A year after the COVID-19 pandemic gripped the U.S. and South Carolina, plunging industries including construction into uncertainty, contractors are expressing relief at how they’ve come through it — in some cases, with record backlog.

“We’re still afloat,” said Paul Mashburn, CEO of Mashburn Construction, headquartered in Columbia with offices in Charleston, Greenville and Myrtle Beach. “It’s been quite an adventure, for us as a construction company and certainly as a community and a nation to go through what we’ve been through.”

While Mashburn’s backlog, or the dollar amount of work the company is contracted to perform in the future, is “the highest it’s ever been” going in 2021, Mashburn said, that doesn’t mean the contractor behind such high-profile Columbia projects as Market on Main, Hotel Trundle and new Main Street restaurant Smoked emerged unscathed.

“Our company probably lost $40 to $50 million in projects that were set to start in Q2 or Q3 of 2020,” Mashburn said. “That was several hotels, amenities centers, one hospital project, and a restaurant. They all either delayed and pushed starts until this year or they scrapped the project completely and put it on a shelf. As a company, our revenue was impacted by about 30%.”

Mark Hood, president and CEO of Columbia-based Hood Construction, said his company also saw “quite a few” projects put on hold in March and April of 2020, though about 70% of those are under construction now.

“We still had a really good year in spite of that,” Hood said. “There’s been other things to backfill. … Where there’s a loss on one side, there’s a pickup on the other. And most of the people that I know in the commercial construction business are busy.”

That was evident on a recent afternoon at the BullStreet District as ground was broken on that development’s latest project, a 79,000-square-foot, mass-timber office building slated to open next April. The mixed-use, five-story WestLawn building will be home to Columbia law firm Robinson Gray Stepp & Lafitte as well as retail tenants.

“Every market sector didn’t really thrive, but the commercial market sector stayed alive,” said Ben Barfield, vice president of WestLawn contractor Brasfield & Gorrie, based in Birmingham, Ala. “I think a lot of people were trying to figure out how to revamp their spaces. We have built several office buildings during this market, but it’s incredible to see this one right now.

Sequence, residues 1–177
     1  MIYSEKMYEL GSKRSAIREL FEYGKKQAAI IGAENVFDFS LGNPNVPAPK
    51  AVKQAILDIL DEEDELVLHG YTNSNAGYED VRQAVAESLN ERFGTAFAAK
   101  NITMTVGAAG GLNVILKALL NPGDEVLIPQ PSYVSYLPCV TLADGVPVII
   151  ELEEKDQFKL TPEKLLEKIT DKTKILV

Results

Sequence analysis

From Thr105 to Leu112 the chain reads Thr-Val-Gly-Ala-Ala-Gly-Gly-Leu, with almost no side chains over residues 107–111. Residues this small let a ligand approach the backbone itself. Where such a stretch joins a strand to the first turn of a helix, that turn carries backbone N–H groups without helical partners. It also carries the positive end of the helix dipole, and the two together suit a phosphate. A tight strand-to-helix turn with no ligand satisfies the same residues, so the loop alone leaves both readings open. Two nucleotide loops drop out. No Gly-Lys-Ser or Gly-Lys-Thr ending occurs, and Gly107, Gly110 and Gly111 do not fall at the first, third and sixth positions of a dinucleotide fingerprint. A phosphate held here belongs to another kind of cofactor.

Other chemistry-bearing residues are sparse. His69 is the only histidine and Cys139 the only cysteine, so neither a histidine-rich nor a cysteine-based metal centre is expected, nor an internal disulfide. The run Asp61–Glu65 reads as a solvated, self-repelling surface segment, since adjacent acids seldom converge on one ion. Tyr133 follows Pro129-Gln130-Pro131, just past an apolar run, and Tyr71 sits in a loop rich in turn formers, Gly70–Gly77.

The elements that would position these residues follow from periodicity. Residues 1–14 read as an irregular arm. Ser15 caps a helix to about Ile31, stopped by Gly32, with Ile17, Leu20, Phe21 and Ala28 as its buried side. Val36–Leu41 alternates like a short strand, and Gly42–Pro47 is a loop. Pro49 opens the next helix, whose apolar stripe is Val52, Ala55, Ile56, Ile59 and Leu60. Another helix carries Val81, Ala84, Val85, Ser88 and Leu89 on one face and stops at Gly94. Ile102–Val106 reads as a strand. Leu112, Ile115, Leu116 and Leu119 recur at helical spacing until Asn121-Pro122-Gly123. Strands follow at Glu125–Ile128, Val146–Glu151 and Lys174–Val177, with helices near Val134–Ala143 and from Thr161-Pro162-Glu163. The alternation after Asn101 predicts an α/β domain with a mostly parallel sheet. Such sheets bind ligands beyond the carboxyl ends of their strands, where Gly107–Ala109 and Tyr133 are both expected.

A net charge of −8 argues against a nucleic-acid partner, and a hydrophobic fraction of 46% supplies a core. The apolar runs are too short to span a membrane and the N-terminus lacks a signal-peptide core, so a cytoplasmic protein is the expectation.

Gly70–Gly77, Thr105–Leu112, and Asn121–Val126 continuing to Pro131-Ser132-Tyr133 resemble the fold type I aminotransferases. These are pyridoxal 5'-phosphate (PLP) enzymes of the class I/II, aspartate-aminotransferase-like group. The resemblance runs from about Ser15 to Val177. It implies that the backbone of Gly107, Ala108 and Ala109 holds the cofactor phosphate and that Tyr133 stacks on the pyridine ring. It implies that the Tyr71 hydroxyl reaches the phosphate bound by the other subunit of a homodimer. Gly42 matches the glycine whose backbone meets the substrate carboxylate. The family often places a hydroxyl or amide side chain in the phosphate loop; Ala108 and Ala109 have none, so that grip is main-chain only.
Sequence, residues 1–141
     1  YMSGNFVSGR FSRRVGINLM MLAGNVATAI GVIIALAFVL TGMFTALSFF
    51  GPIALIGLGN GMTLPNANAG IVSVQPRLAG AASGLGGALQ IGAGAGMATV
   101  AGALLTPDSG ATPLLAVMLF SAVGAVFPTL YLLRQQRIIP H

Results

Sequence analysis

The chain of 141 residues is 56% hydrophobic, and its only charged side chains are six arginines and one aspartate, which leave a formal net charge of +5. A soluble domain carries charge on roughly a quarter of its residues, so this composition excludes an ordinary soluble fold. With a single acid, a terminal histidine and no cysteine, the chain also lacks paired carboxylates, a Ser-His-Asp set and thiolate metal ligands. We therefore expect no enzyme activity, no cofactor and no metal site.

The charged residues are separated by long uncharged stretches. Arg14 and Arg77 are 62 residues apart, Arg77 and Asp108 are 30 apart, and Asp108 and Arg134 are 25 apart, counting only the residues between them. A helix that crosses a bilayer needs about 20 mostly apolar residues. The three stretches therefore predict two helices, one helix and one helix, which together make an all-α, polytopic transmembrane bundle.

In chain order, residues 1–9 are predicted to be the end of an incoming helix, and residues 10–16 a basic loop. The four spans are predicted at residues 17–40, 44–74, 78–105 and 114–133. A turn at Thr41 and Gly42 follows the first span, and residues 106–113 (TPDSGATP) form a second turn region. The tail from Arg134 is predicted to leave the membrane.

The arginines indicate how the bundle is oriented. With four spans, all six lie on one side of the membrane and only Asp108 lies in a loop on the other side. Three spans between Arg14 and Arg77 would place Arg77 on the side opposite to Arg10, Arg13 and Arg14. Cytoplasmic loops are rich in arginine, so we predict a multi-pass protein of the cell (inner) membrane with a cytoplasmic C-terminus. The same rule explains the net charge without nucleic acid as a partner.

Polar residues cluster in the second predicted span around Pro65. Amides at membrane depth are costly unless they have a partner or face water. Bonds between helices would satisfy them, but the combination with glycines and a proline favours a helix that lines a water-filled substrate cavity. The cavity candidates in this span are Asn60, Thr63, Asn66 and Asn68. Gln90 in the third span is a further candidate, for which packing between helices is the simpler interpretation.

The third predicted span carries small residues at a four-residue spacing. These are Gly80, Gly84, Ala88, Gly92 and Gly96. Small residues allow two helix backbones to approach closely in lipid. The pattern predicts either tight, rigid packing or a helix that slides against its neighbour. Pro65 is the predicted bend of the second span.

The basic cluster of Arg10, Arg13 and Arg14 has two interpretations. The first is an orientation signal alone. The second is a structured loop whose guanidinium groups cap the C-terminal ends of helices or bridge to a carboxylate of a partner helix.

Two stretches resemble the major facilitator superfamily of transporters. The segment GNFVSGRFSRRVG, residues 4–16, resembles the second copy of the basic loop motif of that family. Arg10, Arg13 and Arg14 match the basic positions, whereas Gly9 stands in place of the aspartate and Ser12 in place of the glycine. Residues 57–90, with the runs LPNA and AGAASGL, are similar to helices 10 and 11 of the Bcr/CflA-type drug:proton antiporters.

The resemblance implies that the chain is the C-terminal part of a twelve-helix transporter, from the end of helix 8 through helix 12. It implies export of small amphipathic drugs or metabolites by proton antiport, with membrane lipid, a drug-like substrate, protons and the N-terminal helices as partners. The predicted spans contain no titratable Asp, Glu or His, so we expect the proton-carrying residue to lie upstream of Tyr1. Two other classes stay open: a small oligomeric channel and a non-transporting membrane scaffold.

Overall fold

“This has got a full tenant that’s moving in and expanding versus doing something different. They are the first tenant in a larger office building, and I think there’s going to be more of that going on around here. I think it’s actually fared better than we thought it would.”

The future of commercial office space may look different, though.

“Everybody’s rethinking office space now,” Mashburn said. “The emerging trend for offices was more of an open concept, and working in groups and the old closed-door office concept was quickly going away. That is now being revisited. People have found, and we have found, too, that some people are actually more productive working from home. We think there’s going to be a major shift in office space and how it’s constructed and whether or not it is actually needed.”

David Crabtree, design leader for Chicago-based Perkins & Will, project architect for the WestLawn building, thinks there will be less “super-dense” office spaces going forward, but overall, he said the pandemic hasn’t drastically affected the plans on his company’s drawing board.

“We’ve seen about a net-zero impact,” he said. “Some people will need to add some space, some people will need to retract a little space — call centers, for example. They could be more suited — and they were already doing this anyway — to be dispersed into work-from-home and all other types of places because they don’t necessarily have to be in a workplace. … Creative industries like architects and engineers and developers, they do best working, doing deals across the table from each other, pinning stuff up on the walls and being creative in the workplace. If anything, they’ll be adding some space.” 

Another sector where growth has remained evident is the health care industry. Lexington Medical Center celebrated the official opening of a 225,000-square-foot facility in Northeast Columbia earlier this month.

“People are always going to need health care, regardless of what else is going on with the economy or in the world, and COVID just kind of amplified that,” said project superintendent Tony Atkinson of Columbia-based and project contractor M.B. Kahn Construction Co. “There’s a lot of medical work going on right now.”

Regie Bedenbaugh, M.B. Kahn project director, said that while a few projects were postponed early in the pandemic, “none of them were canceled altogether. Some of them are starting to come back. … Overall, we’ve got a very strong backlog coming into this year. But as all contractors, we always need more work.”